Apologies if this is an FAQ., or even a Frequently Unanswered Question.
I’ve had Mycroft on a Thinkpad T61 for almost a year, but I upgraded the OS on it a couple of months ago and as I understand it the hardware is now too old to be compatible without poorly-documented hacks. In any event, it’s probably more useful on my development desktop now that I’ve got some degree of confidence that it’s not about to wreck things.
I’ve just run this sequence of commands, with the result as shown.
----8<---- Working in /usr/local # mkdir mycroft-core # chown markMLl:staff mycroft-core # exit $ git clone --depth 1 https://github.com/MycroftAI/mycroft-core.git Cloning into 'mycroft-core'... remote: Enumerating objects: 732, done. remote: Counting objects: 100% (732/732), done. remote: Compressing objects: 100% (490/490), done. remote: Total 732 (delta 50), reused 473 (delta 14), pack-reused 0 Receiving objects: 100% (732/732), 9.37 MiB | 379.00 KiB/s, done. Resolving deltas: 100% (50/50), done. $ cd mycroft-core Now in /usr/local/mycroft-core $ bash dev_setup.sh Welcome to Mycroft! This script is designed to make working with Mycroft easy. During this first run of dev_setup we will ask you a few questions to help setup your environment. Do you want to run on 'master' or against a dev branch? Unless you are a developer modifying mycroft-core itself, you should run on the 'master' branch. It is updated bi-weekly with a stable release. Y)es, run on the stable 'master' branch N)o, I want to run unstable branches Choice [Y/N]: Y - using 'master' branch error: pathspec 'master' did not match any file(s) known to git ---->8----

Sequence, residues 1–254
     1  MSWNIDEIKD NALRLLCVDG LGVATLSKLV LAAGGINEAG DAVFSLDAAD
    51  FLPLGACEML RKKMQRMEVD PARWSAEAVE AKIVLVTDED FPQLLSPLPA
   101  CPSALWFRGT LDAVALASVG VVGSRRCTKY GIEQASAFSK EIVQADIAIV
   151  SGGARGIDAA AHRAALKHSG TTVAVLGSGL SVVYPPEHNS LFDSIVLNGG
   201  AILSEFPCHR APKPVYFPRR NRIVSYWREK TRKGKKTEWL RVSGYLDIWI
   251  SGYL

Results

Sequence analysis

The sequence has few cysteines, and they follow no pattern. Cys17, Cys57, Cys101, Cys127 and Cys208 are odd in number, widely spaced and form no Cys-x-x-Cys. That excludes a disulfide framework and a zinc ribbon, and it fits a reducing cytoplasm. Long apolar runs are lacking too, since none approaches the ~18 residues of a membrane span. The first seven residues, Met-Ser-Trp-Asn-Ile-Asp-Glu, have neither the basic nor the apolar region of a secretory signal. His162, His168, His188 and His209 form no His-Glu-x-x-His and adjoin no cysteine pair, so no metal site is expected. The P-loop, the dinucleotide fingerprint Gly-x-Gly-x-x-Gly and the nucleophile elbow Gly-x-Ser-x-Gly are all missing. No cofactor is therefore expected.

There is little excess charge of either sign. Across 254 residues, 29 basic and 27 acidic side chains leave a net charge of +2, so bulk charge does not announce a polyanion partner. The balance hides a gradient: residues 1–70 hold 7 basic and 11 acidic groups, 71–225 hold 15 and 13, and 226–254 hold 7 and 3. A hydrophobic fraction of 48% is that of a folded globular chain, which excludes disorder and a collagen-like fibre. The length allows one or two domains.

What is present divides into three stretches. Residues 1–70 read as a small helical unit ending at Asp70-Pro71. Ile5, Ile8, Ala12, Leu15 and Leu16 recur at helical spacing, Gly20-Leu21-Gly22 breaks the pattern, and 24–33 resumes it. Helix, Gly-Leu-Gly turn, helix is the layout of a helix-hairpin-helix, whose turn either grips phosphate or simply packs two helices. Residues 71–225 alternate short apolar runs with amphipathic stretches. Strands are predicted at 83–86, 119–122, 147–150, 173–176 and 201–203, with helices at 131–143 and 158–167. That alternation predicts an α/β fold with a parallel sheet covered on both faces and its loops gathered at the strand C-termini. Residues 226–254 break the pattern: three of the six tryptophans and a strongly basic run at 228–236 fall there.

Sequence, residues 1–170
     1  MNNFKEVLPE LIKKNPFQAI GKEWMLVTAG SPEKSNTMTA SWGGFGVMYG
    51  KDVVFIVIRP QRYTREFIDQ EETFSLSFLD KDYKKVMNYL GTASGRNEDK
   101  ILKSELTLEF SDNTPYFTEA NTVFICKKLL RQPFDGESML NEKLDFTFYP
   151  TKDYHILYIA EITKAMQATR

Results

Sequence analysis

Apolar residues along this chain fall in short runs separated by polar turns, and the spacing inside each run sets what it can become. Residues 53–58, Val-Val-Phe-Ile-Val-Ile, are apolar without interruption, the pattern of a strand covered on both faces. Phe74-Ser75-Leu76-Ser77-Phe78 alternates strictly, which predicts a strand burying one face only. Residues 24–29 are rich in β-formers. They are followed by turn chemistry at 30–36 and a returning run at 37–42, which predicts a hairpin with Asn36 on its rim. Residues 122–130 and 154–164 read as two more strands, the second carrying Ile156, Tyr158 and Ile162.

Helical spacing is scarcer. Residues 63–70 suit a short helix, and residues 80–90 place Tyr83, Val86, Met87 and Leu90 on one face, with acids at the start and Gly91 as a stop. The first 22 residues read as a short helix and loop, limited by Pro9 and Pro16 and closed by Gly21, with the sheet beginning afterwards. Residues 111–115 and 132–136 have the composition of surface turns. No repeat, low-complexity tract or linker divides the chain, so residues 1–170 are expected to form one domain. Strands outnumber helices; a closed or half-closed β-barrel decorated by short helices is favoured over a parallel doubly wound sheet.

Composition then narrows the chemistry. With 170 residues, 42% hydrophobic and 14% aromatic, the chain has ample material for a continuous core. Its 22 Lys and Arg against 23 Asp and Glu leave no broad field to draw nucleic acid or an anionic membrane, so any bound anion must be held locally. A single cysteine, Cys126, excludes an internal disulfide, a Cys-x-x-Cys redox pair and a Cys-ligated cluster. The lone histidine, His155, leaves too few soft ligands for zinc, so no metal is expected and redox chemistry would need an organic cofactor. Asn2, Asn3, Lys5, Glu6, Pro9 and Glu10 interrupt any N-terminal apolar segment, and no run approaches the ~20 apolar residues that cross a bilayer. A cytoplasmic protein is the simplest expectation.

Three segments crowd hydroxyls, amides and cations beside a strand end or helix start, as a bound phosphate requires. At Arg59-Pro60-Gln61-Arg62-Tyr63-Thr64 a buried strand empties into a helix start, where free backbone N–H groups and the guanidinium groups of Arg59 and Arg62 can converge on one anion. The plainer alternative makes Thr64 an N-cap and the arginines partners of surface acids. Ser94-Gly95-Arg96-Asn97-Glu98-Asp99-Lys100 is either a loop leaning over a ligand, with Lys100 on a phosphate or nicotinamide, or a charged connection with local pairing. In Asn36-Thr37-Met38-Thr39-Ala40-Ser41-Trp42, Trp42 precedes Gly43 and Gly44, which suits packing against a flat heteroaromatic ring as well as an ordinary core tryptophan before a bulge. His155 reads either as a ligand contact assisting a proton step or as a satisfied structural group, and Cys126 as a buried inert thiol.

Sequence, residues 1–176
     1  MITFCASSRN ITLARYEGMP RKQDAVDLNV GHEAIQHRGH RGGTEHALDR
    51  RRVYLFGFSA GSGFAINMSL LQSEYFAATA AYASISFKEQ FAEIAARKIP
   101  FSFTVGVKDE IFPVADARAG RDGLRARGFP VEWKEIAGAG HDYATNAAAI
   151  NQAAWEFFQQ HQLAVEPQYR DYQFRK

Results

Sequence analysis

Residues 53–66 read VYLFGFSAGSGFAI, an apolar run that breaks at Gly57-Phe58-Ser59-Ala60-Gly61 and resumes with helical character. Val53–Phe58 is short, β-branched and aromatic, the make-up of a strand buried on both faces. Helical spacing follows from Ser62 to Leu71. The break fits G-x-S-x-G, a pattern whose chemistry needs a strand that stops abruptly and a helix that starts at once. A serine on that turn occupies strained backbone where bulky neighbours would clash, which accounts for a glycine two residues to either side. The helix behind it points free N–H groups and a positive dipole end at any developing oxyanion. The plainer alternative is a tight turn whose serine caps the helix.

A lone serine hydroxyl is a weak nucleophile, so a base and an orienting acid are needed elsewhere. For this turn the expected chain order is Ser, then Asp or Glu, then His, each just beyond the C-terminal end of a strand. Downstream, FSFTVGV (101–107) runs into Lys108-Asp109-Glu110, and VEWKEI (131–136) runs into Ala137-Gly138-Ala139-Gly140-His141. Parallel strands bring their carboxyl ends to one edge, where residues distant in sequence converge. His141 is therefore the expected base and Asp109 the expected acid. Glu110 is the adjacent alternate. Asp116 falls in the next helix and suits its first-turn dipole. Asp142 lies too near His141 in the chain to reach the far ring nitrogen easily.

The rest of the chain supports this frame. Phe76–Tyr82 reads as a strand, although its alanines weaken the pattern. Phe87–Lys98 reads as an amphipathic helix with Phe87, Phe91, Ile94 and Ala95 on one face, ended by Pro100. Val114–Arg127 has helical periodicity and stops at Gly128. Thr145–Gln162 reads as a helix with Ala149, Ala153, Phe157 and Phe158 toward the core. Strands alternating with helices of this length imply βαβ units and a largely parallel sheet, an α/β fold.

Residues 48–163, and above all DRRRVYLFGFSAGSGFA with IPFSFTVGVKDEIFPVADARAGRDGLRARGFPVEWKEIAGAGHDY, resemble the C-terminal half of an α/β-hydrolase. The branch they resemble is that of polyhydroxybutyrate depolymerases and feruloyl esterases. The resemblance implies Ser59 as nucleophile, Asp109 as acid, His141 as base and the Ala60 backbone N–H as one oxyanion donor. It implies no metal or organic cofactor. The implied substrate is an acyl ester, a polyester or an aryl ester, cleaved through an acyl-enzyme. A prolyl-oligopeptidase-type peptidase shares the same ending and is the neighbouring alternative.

Any comments would be appreciated.